08 October 2018
Posted by Sophie Jones
15-18 Age Group (6 in attendance)
For our first session after the summer break, we began by introducing the new faces, and welcoming back the familiar ones. The young writers introduced themselves with their names and their interests - there were many screenwriters and filmmakers, but not many poets (though many had a very strong opinion on poetry!).
The exercises for this week were inspired by our upcoming trip to Wicked, as well as Black History Month - Wicked’s exploration of prejudice gives plenty of opportunity to merge these two events.
Exercise 1, Unconscious Bias
Our first exercise was the same as the younger group’s, investigating unconscious bias by trying to guess the careers, holiday destinations of choice, and hobbies of people from photographs of them. Many of the young writers tried to write down things that went against stereotypes - the muscled man as a ballerina, for example. Many gave more academic roles to the women, and more cultural holidays to the pictured people of colour, but on the whole the guesses seemed to be based more on the setting or clothing of the person than on their race or gender. For example, one woman was seen as an author because of her pose, and the muscled man as a wrestler because of his tank top.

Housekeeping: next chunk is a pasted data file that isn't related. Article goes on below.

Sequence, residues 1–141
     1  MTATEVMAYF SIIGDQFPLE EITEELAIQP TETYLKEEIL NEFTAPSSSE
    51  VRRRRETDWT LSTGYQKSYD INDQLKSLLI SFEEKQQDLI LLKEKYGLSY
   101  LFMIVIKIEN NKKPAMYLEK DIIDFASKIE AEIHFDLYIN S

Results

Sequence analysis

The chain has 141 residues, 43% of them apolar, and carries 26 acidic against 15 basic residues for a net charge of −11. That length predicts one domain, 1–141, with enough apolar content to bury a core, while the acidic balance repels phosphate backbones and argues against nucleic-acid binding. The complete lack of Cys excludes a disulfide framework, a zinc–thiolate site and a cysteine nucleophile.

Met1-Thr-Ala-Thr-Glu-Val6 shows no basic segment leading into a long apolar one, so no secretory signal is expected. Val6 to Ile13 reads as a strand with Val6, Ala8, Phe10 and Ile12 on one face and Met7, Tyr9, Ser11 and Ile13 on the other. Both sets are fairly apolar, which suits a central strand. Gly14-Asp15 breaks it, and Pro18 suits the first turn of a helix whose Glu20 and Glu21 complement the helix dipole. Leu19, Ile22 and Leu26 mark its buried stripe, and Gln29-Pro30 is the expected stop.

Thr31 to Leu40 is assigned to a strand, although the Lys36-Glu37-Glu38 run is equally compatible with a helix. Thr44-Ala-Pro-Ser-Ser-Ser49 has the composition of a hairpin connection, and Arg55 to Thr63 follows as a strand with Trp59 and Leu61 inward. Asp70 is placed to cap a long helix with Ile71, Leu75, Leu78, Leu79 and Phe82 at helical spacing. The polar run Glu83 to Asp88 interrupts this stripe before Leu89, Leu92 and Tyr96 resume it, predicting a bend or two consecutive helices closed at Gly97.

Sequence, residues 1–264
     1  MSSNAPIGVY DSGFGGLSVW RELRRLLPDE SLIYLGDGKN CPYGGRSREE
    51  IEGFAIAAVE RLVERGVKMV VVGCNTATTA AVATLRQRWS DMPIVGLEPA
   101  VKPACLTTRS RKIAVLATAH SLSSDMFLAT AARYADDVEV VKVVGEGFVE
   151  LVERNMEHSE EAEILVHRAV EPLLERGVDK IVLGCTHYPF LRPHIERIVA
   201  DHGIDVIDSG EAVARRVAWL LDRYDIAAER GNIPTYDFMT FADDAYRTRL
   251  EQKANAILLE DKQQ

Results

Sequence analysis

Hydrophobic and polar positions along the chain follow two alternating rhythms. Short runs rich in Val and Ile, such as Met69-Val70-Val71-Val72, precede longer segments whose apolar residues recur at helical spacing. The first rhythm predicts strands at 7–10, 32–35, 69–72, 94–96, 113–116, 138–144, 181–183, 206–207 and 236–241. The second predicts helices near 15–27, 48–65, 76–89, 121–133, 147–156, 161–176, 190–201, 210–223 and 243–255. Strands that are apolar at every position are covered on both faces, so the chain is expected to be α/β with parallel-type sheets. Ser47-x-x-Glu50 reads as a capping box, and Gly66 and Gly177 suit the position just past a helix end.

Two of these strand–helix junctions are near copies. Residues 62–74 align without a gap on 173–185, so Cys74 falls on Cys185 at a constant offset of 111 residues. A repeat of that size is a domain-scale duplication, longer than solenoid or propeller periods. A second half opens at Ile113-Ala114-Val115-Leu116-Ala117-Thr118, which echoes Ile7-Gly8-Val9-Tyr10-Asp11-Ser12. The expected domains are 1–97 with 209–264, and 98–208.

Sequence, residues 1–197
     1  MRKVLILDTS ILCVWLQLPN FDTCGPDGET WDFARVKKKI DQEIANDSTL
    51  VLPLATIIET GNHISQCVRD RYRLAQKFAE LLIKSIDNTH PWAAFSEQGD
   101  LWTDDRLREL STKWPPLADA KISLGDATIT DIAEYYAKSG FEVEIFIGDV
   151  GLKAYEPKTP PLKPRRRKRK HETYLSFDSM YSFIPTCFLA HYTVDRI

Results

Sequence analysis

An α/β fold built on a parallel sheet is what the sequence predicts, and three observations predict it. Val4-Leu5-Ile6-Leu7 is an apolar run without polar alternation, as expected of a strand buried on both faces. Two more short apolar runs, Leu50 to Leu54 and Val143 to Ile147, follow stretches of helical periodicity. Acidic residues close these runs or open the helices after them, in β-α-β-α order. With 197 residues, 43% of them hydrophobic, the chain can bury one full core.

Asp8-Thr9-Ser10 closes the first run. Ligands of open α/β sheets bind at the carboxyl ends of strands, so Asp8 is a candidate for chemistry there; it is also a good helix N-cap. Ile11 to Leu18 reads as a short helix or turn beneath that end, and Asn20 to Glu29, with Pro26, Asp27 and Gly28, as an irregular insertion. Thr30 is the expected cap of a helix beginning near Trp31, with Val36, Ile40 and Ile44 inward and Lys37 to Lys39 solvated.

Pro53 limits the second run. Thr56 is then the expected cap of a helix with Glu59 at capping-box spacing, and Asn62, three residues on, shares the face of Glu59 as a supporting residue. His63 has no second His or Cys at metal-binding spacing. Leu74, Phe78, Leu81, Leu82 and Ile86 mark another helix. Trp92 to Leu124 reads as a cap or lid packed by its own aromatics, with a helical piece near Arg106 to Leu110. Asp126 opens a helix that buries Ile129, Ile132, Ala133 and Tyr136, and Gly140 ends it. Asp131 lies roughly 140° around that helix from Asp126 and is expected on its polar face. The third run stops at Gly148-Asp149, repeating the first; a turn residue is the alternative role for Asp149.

Exercise 2, Holiday Writing
This exercise also provided each of the young writers with a list of personality traits for each of the photographed people. They chose one to create a character from, and used this to write a short piece about their character at their holiday destination of choice - for many people, this was a beach holiday.
Exercise 3, Wicked
The young writers got into pairs, one as a green person on their first day of school, and the other as one of their non-green classmates. Together they discussed what each character would be thinking and feeling in the moment the green character enters the classroom.
Exercise 4, Green Feelings
One of the young writers drew the outline of a person onto a big sheet of paper. On the inside, in green, the writers wrote down what they thought the green character would be thinking and feeling. On the outside, in other colours, they wrote down the reactions of the non-green character.
Exercise 5, Green Writing
Using these ideas as inspiration, the pairs wrote corresponding pieces from the point of view of each of their characters. For one pair, this was in the form of an inner monologue; for another, it was a scripted dialogue. For the last pair, this took the form of stage directions for an opening scene of a play.
Exercise 6, Black History
The young writers were given pieces of paper with photographs of black pioneers, and some information about them written below, such as the dates they were alive, and what they had become known for. They each picked one that interested them, and were asked to write a diary entry of the chosen figure, fitting to their time period, about their experiences, to be researched and written before they are presented next week.